South Korea is to formally blame North Korea on Thursday for launching a torpedo at one of its warships in March, causing an explosion that killed 46 sailors and heightened tensions in one of the world's most perilous regions, U.S. and East Asian officials said.

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South Korea is to formally blame North Korea on Thursday for launching a torpedo at one of its warships in March, causing an explosion that killed 46 sailors and heightened tensions in one of the world’s most perilous regions, U.S. and East Asian officials said.

South Korea reached its conclusion that North Korea was responsible for the attack after investigators from Australia, Britain, Sweden and the United States pieced together portions of the ship at the port of Pyongtaek, 40 miles southwest of Seoul. The Cheonan sank on March 26 after an explosion that rocked the vessel as it sailed in the Yellow Sea off South Korea’s west coast.

Chosun Ilbo and other South Korean newspapers reported Tuesday that investigators found fragments of what appeared to be a Soviet- or Chinese-made torpedo near the wreck.

The U.S. and East Asian officials, who spoke on condition of anonymity because South Korea has yet to disclose the findings of the investigation, said that subsequent analysis determined the torpedo was identical to a North Korean torpedo that had previously been obtained by South Korea.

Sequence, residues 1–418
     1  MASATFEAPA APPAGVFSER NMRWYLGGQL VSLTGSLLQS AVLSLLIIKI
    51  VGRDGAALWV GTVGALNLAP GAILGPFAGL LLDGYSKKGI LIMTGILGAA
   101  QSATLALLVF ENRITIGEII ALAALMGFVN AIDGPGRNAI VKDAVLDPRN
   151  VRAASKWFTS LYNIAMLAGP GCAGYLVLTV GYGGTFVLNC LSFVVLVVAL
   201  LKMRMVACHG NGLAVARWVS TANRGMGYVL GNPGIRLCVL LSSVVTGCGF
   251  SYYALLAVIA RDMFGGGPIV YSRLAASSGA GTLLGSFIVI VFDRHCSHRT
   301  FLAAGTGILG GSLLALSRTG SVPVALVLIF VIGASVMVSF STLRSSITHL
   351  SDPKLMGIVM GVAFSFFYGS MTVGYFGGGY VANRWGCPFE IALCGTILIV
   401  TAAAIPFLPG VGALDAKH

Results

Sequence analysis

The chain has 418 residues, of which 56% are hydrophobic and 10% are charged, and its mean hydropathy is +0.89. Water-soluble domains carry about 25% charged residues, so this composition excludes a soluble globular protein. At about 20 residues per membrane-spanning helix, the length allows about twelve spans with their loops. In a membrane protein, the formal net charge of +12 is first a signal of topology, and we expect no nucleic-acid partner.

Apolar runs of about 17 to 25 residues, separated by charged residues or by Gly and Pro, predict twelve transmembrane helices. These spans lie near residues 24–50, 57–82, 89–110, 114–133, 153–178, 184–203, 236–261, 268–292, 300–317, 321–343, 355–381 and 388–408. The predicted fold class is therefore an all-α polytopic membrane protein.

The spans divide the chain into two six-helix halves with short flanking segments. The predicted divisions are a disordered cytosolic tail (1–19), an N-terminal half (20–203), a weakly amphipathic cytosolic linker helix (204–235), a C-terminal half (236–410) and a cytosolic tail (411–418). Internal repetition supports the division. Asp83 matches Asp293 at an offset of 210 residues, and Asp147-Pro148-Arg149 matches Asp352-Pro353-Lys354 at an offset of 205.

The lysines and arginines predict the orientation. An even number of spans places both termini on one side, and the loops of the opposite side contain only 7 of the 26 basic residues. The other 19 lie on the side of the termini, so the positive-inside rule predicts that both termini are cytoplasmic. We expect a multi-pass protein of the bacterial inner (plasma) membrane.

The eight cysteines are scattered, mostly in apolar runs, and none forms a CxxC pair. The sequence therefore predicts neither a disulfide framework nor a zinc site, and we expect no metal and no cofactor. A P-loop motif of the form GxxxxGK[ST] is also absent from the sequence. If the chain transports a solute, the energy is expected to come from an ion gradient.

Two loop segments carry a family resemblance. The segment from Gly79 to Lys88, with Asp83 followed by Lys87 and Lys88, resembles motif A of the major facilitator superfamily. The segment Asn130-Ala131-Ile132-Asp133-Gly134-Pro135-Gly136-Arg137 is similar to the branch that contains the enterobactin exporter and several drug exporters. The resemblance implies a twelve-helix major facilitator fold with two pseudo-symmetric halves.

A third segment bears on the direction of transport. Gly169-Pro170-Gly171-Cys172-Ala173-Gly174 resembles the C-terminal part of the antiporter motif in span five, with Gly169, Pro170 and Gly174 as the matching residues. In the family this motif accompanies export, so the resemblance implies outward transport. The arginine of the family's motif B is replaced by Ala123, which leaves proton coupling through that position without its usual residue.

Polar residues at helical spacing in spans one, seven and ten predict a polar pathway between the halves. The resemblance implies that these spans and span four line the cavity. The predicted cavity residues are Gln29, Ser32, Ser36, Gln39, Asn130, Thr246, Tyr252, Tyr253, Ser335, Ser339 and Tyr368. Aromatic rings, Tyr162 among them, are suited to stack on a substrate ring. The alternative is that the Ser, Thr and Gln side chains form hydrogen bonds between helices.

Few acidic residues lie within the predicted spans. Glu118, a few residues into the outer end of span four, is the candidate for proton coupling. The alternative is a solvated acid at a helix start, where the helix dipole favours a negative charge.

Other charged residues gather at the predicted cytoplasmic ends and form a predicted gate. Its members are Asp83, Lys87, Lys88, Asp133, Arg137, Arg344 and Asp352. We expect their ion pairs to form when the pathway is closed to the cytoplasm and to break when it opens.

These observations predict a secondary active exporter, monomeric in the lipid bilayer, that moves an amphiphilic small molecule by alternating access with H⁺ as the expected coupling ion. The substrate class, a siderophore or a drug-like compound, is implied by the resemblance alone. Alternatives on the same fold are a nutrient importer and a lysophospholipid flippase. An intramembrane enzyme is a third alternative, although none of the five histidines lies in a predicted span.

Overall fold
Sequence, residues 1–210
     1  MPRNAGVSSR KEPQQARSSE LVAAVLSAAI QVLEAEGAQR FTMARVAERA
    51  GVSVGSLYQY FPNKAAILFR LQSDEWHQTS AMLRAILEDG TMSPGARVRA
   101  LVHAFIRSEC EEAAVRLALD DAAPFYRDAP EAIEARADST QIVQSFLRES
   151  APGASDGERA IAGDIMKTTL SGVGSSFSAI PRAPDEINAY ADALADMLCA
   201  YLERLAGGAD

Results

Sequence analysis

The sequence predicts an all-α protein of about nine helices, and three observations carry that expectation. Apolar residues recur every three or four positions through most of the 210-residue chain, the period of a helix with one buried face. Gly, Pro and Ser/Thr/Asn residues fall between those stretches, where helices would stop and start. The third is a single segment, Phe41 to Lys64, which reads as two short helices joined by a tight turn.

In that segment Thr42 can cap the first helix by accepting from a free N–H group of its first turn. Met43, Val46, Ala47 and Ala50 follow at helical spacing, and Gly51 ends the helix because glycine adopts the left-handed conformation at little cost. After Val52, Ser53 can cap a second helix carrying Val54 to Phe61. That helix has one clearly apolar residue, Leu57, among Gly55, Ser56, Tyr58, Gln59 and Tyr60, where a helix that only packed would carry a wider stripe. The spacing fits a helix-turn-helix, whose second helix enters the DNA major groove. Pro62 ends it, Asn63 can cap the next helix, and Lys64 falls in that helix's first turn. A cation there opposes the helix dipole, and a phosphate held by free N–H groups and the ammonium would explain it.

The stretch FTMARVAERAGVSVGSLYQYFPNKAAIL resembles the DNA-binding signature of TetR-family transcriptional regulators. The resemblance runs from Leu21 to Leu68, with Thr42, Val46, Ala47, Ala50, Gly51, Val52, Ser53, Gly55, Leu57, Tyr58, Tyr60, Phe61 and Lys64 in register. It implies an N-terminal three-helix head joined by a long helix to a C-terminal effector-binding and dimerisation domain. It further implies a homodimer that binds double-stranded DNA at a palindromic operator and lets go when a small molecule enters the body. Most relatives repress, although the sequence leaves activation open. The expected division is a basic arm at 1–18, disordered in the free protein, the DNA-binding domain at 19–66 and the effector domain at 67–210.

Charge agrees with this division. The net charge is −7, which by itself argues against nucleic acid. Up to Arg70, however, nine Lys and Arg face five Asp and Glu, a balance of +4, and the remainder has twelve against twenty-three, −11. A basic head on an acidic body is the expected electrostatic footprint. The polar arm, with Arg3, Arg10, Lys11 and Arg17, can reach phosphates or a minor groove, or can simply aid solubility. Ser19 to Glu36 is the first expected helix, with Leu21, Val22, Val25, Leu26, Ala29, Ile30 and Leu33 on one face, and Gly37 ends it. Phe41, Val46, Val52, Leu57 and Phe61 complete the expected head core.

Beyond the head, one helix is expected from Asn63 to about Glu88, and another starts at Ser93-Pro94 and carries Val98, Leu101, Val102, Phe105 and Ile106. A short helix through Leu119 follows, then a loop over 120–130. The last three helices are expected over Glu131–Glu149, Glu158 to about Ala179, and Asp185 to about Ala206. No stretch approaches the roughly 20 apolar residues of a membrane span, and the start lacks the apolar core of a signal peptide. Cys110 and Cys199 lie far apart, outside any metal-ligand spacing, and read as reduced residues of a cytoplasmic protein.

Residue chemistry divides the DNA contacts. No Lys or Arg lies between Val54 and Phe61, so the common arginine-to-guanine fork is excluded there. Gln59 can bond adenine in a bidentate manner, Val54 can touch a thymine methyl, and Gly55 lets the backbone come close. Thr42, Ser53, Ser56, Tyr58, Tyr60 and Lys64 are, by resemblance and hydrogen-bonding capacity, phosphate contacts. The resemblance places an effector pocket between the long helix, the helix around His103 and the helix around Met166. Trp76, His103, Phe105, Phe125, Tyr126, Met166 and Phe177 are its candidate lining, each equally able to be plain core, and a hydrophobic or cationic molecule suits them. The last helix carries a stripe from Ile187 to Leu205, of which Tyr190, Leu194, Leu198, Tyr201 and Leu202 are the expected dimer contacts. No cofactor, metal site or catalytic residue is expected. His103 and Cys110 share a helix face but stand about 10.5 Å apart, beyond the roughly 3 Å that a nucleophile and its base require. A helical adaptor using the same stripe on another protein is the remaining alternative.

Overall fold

South Korea’s conclusion underscores the continuing threat posed by North Korea and the intractable nature of the dispute between the two Koreas. They remain technically at war, because their three-year conflict ended in a truce, not a peace treaty, in 1953. South Korea has said it will take stern action against anyone responsible for the sinking.

South Korean President Lee Myung-bak must respond forcefully to the attack, analysts said, but not in a way that would risk further violence from North Korea, whose artillery could — within minutes — devastate greater Seoul, which has a population of 20.5 million.

South Korea will request that the U.N. Security Council take up the issue and is looking to tighten sanctions on North Korea, the officials said. The United States has indicated it would support such an action, U.S. officials said.

Another consequence of the report, experts predicted, is that Lee will request that the United States delay for several years a plan to pass operational control of all forces in South Korea from the United States to the South Korean military. Approximately 28,500 U.S. forces are stationed in South Korea.

South Korea’s conclusion that North Korea was responsible for the sinking of the Cheonan also means it is unlikely that talks will resume anytime soon over North Korea’s nuclear-weapons program. North Korea has twice tested what is believed to be a nuclear weapon.

The sinking — and the reluctance of the South to respond with an in-kind attack — is the latest example of the raw military intimidation that North Korea has practiced for decades. With 1.19 million troops on active duty, the Korean People’s Army has positioned about 70 percent of its fighting forces and firepower within 60 miles of the border with the South.

Additional information from The Associated Press was included in this report.